Three pillars are essential to developing sustainable policies: economic, environmental and social. True progressive sustainability requires a balance of these three pillars which, in turn, allows for sustainable development in each area.
Economic development is most commonly measured in terms of Gross Domestic Product (GDP), and its growth or regression is predominantly expressed in percentage change instead of absolute terms. This infers that a constant GDP growth rate actually reflects an exponential absolute GDP growth. In other words, constant absolute GDP growth is translated as decreasing rates of growth. In this light, aiming for a constant GDP growth rate clearly cannot be sustainable as it would lead to ever-increasing absolute GDP growth, reinforcing the imbalances between the economic, social and environmental pillars of sustainability.
Now, of course, GDP can grow through many different factors: consumption, investment, lower imports and higher exports or alternatively an increase in value added, derived from transforming input goods, labour and capital, into products and services. This however, avoids a very crucial part of economic activity today which is the use of resources or natural capital, which remain unaccounted for in traditional economics. It is, however, a key element of achieving environmental sustainability to decouple natural resource use from economic activity, because resource abstraction and use causes severe environmental damage, impacting humans and ecosphere alike.
In a first step, decoupling will come through increased resource efficiency, leading to lower rates of resource intensity per unit of GDP. Yet even if we achieve higher resource efficiency and lower the resource intensity of economic activity, this does not necessarily translate into absolute decoupling or an absolute reduction of resource use from economic growth.
In some countries, accelerated demographic growth creates a momentum for continued high levels of resource use. Other drivers are income related, implying that households with a higher income will tend to use more natural resources. And some are simply cost-driven: the so-called rebound-effect describes situations where higher resource efficiency leads to lower costs per unit consumed, which can eventually entail higher resource use, not only nullifying the potential savings, but even increasing the absolute level of resource use. Therefore, next to regulation targeting production, consumer behaviour is increasingly seen as a key step towards achieving environmental and social sustainability. The key message here is that more is not always better, i.e. that the ability to consume more cannot be a measure for progress.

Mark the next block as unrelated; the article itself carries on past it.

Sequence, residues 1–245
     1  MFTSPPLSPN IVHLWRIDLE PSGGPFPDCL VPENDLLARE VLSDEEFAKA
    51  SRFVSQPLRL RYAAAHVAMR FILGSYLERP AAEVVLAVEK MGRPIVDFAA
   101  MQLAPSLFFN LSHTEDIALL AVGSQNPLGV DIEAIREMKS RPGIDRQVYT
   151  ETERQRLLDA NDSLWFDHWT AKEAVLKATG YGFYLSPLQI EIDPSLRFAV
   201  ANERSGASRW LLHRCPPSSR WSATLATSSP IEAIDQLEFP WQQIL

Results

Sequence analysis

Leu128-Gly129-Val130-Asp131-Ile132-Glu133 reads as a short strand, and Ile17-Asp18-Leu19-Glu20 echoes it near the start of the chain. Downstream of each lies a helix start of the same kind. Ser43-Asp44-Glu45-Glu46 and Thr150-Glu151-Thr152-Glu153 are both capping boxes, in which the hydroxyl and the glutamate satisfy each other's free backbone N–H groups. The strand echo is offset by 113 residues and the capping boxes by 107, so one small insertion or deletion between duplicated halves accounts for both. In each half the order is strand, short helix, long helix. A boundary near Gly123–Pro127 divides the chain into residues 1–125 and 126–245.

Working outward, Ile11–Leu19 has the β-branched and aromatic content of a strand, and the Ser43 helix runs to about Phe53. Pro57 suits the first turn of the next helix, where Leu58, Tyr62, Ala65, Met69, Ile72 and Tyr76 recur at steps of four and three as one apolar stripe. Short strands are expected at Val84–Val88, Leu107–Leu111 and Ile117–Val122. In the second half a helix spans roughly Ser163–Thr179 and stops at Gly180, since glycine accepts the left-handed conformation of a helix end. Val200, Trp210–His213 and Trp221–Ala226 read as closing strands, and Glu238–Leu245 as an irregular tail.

This is a fundamental paradigm shift. We must acknowledge that we won’t be able to simply shift from one input to another, substituting more environmentally harmful inputs and processes with less harmful, i.e. switching from fossil-fuel powered cars to electric vehicles. The pressure caused both by behavioural routines and the global demographic trend compels us to understand that we need to cut back resource use in absolute terms.
Cutting back on resource use does not necessarily mean abandoning the idea of progress and growth altogether, but it requires a shift in the interpretation of what progress and growth will mean.
Growth is not simply limited to measuring GDP units; growth can be measured in many other ways, including, alongside the economic dimension of sustainability, also its environmental and social pillars. The discussion on measuring wealth, happiness or simply progress – subsumed under the slogan ‘Beyond GDP’ has led to the development of many alternative measurements. Each one of those has a different focus, different approaches, but also shortcomings.
Unfortunately, there is no simple right or wrong. None of the measurements is perfect or free from flaws, including the GDP. An indicator can only measure what it is made for and will only be able to quantify what is quantifiable.
Instead of hoping for one ‘perfect’ index to measure all ‘real’ progress of society, we need to understand that a precondition of finding an appropriate measurement is to define what our understanding of progress actually is. Once we can agree on the goals and their hierarchy, then we will be able to find measurements which will deliver guidance for sustainable policies.
The definition of goals needs to be clear and realistic, therefore also stating our priorities. Aiming for diverging or conflicting goals in parallel efforts will only result in failure and disappointment. Harmonising and pacifying terms such as ‘green growth’ or ‘green jobs’ create an illusion that we will be able to achieve everything simultaneously without making difficult choices. This requires visionary leadership which is frequently lacking in today’s policy-making environment.